If the situation stays as it is, Brumfield said, "we'll have to ask for more for 2000 and 2001. So, I don't think we can complain too much - Congress and the U.S. taxpayer have been generous to farming.

"But if there's one thing we've learned from this farm law, it's that we need a safety net for the tough times and then save money on farm programs in the good years."

Said Northey: "Vice President Gore has said Freedom to Farm is `a proven failure' that should be fixed, but has offered no solutions. There certainly is some baggage attached to it, and we've spent `way more dollars than was expected when it was passed.

"The rest of the world's farmers are envious of these supports and they're urging their own politicians to match them. But, these payments have done a lot to stabilize U.S. agriculture these past few years."

Farm Bureau's Stallman said: "It's a truism of farm policy that one size doesn't fit all; with any legislation, there will be winners and losers.

"We've received approximately $30 billion in assistance from Congress that wasn't provided in the legislation. Without it, the situation in agriculture would be a lot worse. But ad hoc payments are a short-term solution.

"The current system is not suitable for any long-term planning. We need more certainty in farm programs. We need more agricultural research so we can maintain our competitive edge in the world marketplace.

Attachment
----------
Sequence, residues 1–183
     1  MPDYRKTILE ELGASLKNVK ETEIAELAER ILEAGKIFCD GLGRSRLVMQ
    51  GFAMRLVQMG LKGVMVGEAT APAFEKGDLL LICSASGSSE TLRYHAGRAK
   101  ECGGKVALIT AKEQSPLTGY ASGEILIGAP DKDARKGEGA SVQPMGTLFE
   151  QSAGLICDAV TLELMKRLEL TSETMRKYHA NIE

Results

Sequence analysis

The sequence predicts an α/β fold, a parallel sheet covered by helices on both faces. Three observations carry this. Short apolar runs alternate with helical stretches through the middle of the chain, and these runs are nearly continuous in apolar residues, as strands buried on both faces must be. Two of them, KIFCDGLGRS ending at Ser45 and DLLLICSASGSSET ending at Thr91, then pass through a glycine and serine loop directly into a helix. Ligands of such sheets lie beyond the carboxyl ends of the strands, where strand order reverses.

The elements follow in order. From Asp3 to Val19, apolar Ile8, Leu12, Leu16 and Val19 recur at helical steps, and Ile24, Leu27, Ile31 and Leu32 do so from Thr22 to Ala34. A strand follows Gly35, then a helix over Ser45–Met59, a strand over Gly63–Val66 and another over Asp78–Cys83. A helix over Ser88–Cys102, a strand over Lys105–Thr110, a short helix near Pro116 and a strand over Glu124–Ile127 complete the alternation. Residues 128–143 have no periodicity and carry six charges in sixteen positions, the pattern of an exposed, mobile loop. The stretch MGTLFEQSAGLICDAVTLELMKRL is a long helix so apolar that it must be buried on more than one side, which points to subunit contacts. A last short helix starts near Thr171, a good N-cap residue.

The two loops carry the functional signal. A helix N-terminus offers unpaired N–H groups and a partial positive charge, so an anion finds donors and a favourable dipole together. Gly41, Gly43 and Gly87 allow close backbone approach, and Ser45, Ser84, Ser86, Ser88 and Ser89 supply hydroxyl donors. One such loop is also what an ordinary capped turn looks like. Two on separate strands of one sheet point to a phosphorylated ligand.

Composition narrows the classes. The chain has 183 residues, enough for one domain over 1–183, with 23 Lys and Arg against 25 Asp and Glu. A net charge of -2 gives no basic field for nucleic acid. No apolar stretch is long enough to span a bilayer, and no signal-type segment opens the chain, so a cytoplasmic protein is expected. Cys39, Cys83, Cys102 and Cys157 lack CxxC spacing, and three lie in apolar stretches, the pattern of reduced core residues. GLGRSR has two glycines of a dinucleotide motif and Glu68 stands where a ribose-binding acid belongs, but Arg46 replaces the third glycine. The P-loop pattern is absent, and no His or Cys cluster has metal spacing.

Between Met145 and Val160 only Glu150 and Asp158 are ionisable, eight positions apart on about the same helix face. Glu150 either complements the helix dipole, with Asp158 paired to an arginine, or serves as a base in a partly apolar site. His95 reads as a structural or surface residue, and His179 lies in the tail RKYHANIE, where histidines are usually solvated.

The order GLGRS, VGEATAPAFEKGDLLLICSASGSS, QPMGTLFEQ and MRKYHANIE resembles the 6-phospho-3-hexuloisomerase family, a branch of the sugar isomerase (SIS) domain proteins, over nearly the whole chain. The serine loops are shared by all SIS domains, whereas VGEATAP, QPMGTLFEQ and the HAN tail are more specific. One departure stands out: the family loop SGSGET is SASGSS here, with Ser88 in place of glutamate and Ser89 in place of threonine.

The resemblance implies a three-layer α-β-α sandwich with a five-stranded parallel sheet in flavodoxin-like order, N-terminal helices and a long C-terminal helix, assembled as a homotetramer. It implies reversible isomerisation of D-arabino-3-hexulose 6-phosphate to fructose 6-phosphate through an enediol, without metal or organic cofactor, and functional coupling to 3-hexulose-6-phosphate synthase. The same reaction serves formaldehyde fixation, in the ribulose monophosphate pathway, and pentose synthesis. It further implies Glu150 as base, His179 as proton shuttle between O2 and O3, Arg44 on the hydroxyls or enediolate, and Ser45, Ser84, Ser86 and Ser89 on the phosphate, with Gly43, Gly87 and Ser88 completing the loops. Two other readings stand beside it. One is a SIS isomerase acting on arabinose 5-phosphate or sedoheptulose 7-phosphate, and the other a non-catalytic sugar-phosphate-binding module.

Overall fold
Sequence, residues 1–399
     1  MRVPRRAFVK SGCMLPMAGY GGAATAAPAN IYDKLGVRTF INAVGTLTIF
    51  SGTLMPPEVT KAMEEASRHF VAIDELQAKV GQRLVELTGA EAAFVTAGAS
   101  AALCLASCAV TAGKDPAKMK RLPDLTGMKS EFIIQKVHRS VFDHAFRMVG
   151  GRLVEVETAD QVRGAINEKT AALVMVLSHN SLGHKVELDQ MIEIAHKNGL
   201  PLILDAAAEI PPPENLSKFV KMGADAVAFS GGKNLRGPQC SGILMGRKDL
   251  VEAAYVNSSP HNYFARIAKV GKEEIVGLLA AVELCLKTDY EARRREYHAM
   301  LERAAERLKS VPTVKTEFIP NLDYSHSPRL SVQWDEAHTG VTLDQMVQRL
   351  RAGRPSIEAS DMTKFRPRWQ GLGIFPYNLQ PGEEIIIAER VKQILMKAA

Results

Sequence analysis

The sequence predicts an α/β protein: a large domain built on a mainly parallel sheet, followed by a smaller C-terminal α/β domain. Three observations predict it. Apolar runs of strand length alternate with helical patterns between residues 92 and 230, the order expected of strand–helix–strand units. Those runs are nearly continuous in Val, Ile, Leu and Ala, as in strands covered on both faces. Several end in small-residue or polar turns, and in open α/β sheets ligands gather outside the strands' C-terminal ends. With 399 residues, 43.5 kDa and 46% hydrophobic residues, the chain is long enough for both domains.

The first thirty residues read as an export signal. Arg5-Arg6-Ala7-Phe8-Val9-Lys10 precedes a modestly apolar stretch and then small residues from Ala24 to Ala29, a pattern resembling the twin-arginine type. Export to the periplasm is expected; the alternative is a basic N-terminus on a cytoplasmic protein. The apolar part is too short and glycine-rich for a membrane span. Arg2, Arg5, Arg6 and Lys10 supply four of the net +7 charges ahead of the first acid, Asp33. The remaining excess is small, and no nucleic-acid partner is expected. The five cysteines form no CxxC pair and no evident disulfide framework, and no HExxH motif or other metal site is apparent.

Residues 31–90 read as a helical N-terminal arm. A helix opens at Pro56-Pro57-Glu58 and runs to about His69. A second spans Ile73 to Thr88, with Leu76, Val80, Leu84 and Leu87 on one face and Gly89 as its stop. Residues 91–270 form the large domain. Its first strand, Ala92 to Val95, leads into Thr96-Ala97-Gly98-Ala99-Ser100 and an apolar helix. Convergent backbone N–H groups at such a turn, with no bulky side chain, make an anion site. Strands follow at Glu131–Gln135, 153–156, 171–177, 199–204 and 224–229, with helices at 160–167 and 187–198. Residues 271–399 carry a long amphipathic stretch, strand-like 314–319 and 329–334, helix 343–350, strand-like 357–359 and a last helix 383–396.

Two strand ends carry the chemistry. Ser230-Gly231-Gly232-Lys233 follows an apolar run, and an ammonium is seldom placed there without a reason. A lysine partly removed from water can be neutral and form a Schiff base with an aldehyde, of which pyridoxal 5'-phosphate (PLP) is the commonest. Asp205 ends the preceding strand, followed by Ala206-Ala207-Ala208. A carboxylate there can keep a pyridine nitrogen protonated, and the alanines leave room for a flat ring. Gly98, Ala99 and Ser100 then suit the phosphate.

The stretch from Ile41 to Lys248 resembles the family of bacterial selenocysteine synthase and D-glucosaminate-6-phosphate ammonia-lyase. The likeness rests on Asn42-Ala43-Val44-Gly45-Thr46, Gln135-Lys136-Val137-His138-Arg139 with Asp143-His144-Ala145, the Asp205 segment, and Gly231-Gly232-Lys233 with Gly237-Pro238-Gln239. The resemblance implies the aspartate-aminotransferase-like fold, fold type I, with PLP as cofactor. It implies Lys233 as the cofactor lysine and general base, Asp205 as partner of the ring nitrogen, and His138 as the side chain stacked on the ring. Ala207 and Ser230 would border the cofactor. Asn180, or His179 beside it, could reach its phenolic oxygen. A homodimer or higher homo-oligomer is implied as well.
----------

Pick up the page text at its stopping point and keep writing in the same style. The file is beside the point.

"We need to determine how farm programs will relate under the World Trade Organization. We're getting close to the allowable cap on farm supports, and if we violate our WTO agreement, that leaves us wide open to sanctions. We can't afford that, because one of every three U.S. acres goes to export."

Producer Steve Tate, who is vice president of the Alabama Agribusiness Council, said, "$2.13 corn and $4.74 soybeans may lead some to say we need to change the farm law - but it's like trying to run a rabbit down with a golf cart: you can get close, but never really hit it.

"For the past few years, 30 percent to 50 percent of net farm income has been from government programs. Can we expect this to continue? Probably not."

Farm legislation "can't address costs," Tate said. "Over the last eight to 10 years, my machinery costs have risen 37 percent. My fuel costs are up 100 percent in the past year. The seed cotton I bought in 1992 for $25.95 a bag is now $52. Labor is hard to come by and wages are up 40 percent in 10 years.

"All these costs continue to escalate, and I don't know how the farm bill can address that. But it should provide some kind of safety net for times like these.

"I'm not saying that anyone should guarantee that I stay in business if I'm not efficient, and I don't think that every producer in farming today should be there. Nobody can afford to be average any more and stay in business."

Tate said producers are being told they need to be least cost producers in order to compete in the world market.

"But how long can we compete with each other? In Alabama, there's no way I can be a least-cost producer in corn and wheat in competition with Midwest farmers. As I plan for the next two years, I don't see myself growing much grain, simply because I can't compete with those producers.

"Farm legislation could help by offering incentives for cooperative farming efforts. Several farmers could achieve more efficiencies together than separately. But getting them to do it without providing incentives may be difficult."